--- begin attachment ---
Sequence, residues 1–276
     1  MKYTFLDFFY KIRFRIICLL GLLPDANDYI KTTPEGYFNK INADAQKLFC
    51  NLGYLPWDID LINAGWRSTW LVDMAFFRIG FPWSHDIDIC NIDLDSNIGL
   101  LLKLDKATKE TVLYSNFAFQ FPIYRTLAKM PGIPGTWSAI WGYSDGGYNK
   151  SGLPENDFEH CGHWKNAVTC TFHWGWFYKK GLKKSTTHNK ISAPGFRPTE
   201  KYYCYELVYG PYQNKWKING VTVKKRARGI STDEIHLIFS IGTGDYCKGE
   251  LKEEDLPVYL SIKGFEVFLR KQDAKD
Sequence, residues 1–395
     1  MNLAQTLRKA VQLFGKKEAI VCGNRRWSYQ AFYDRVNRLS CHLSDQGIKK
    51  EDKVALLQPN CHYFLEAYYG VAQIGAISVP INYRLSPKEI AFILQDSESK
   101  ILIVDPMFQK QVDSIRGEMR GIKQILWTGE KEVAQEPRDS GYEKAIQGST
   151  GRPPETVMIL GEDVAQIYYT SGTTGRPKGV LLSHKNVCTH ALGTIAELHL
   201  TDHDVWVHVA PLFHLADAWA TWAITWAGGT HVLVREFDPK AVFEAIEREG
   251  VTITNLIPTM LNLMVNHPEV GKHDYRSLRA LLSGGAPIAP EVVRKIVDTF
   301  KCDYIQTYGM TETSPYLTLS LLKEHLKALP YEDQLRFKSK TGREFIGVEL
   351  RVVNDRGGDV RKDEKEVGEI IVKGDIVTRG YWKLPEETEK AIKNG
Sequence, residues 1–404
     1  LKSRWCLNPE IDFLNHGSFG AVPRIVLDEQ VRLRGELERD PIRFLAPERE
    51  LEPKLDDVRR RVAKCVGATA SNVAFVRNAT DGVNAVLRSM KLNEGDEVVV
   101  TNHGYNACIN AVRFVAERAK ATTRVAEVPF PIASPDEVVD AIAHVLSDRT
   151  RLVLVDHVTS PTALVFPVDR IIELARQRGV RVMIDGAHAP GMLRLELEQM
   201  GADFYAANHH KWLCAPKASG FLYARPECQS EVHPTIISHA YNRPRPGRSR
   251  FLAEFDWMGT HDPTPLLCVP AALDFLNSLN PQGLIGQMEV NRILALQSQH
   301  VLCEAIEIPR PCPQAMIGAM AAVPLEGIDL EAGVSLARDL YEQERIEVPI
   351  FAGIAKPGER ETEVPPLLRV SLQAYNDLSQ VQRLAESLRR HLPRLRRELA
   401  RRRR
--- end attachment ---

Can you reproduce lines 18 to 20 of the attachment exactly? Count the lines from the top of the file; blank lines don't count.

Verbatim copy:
     1  LKSRWCLNPE IDFLNHGSFG AVPRIVLDEQ VRLRGELERD PIRFLAPERE
    51  LEPKLDDVRR RVAKCVGATA SNVAFVRNAT DGVNAVLRSM KLNEGDEVVV
   101  TNHGYNACIN AVRFVAERAK ATTRVAEVPF PIASPDEVVD AIAHVLSDRT